EUReferendum





Log in




UK politics: the Paterson interview

Richard North, 08/12/2012  


Tel 307-pat.jpg

The man dubbed the "unknown Cabinet minister" comes out into the open today with a stinging rebuke for the "instant outers", telling us that we can't just tear up all the EU legislation and walk away from it.

As secretary of state for Defra, he is only too well aware that, in his department alone there are 40,000 pages of environmental regulations that originate somehow in the European Union. "You can’t just chainsaw them", he says. "You would still need laws to regulate the health of farms and the safety of abattoirs".

This is a man who tells us his views on Britain and the EU are well known. He is counted among those around the Cabinet table who would opt for the exit. Furthermore, he genuinely holds that position, and has done so for many years, arguing that "we'd do a lot better if we made a lot more laws locally in our own Parliament".

Paterson also has a better idea of what is happening than many. He points to what is going on as a result of the euro crisis: the EU is forging ahead with integration as a way of saving the single currency and the European project.

Far from Britain leaving the EU, it will be the EU leaving Britain, he says. "If in order to resolve the Euro crisis there has to be this new arrangement that’s effectively creating a new country … from which we're excluded, [then] we want to get our country back which means making our laws in our own Parliament". 

That is the nub of the issue. It is why it makes sense to wait a little until the fog over the Channel clears and we can see the shape of the new entity. That will tend to polarise public opinion here, and make it more likely that independence would be acceptable to the majority.

If we had a referendum now, Paterson believes ,we could well lose it. He prefers instead to pursue was his department's audit of EU competences, consultation on which was launched two weeks ago. This is the first time we have ever looked at how we are governed in this country, he says, the results of which he is sure will shape the future debate on the EU.

That "we want our country back", Brogan writes in his piece, is a phrase that will echo loudly with all those who have been clamouring for David Cameron to give the British people a chance to do just that in an "in-out" referendum. 

The Prime Minister is due to set out his thinking in a major speech in the next few weeks. Paterson, argues that the British public feel dangerously isolated from the European process. "It doesn't matter how you vote, you'll still have whatever directive you don’t like imposed upon you". 

Nevertheless, he stresses that the "Doomsday Book" audit of EU competences is an important step towards negotiating our exit. "Everyone talks about Europe, but this isn't Europe at all", he tells us. "This is our day-to-day government, this is how we run things". Paterson gets "fed up with the E-word" though. He declares: "This is not about Europe. This is about how we run our country on a day-to-day basis".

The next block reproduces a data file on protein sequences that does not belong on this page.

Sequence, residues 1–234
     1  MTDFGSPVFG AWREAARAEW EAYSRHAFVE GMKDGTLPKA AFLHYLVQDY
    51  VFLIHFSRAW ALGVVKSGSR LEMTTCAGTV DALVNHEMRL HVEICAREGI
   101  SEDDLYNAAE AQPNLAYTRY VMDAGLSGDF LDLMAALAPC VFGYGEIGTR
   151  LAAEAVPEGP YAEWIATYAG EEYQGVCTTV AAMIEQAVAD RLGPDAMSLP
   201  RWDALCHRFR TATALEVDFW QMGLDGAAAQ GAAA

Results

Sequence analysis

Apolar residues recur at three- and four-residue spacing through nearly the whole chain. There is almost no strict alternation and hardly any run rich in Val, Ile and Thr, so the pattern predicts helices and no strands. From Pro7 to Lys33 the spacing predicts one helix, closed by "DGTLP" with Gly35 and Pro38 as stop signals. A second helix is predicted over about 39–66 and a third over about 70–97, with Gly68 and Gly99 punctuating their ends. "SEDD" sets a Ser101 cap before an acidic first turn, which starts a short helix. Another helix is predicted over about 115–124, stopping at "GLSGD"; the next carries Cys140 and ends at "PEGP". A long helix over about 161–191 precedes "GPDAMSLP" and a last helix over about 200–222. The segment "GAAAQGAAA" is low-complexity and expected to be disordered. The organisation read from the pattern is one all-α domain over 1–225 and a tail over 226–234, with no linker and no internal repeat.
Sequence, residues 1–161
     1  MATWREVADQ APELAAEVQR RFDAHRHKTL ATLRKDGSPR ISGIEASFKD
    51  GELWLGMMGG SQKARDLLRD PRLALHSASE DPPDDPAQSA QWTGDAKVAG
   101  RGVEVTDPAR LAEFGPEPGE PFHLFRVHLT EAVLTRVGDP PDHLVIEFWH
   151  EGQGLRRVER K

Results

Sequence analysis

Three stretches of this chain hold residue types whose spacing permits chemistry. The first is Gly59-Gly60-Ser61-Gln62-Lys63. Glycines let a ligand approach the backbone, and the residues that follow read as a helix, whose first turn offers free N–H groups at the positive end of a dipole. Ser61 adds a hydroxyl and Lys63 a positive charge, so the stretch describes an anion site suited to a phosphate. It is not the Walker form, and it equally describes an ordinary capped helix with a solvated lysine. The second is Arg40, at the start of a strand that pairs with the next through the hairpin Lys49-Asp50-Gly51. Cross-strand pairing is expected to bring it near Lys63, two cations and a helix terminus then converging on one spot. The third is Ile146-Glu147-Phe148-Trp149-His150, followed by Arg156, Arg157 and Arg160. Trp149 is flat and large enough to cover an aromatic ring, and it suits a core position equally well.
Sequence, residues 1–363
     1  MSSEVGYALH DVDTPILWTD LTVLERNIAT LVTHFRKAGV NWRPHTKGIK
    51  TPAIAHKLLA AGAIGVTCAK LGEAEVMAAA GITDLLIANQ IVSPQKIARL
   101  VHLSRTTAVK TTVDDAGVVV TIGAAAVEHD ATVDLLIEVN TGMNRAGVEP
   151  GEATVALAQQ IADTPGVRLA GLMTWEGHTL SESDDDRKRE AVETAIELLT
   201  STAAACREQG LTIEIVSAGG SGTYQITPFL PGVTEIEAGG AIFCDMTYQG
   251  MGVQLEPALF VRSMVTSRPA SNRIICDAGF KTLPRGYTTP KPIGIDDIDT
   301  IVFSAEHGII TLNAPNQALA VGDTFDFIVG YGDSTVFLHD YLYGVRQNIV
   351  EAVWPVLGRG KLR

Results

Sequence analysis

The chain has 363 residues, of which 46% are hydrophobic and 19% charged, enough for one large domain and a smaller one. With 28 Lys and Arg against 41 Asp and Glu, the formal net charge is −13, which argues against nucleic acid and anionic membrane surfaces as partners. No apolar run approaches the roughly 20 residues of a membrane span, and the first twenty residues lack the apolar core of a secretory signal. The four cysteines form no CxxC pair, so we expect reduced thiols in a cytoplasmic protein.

He looks beyond the EU and sees prospects for trade with the Anglosphere, and with the giants of China and India. The world is evolving fast, and so is the EU. Britain's relationship with the EU will evolve too. "They are going to leave us… [the Commission] has come up with a very clear plan for what is effectively a new country".

Likewise, he asserts, we must come up with our own plan for how Britain will manage its own affairs when the EU does leave us, and it is that which must be put to the country.

And, while he has plenty to say on the other matters for which his department is responsible, from the moment he took over at Defra, "Europe" has dominated his in-tray. And, having written a landmark study in Opposition on the Common Fisheries Policy, he is well equipped to understand the detailed technical issues.

He is particularly scathing about this "disaster" that is depleting our waters and driving British fishermen out of business. If the Tories were in power alone, he would be arguing for withdrawal from the CFP. That said, the Coalition appears to be on course to secure a ban on discards by which "perfectly good fish" are dumped dead overboard because they don't count towards the quota.

There speaks a politician having to deal with real-world politics. Those distant from power can readily indulge in their fantasies about repealing the ECA and walking away from the EU overnight, but in Owen Paterson, we have a minister who has taken the time and trouble to explore the practicalities involved in standing on our own two feet. 

It took him two years to produce his study on fisheries and he is conscious that it would take many more years to thrash out a workable policy. And as the debate on the EU intensifies, we will be hearing more of this practical approach, making it all the more probable that this "unknown" minister will not be unknown for very much longer - even despite the Independent.

COMMENT THREAD




 

comments powered by Disqus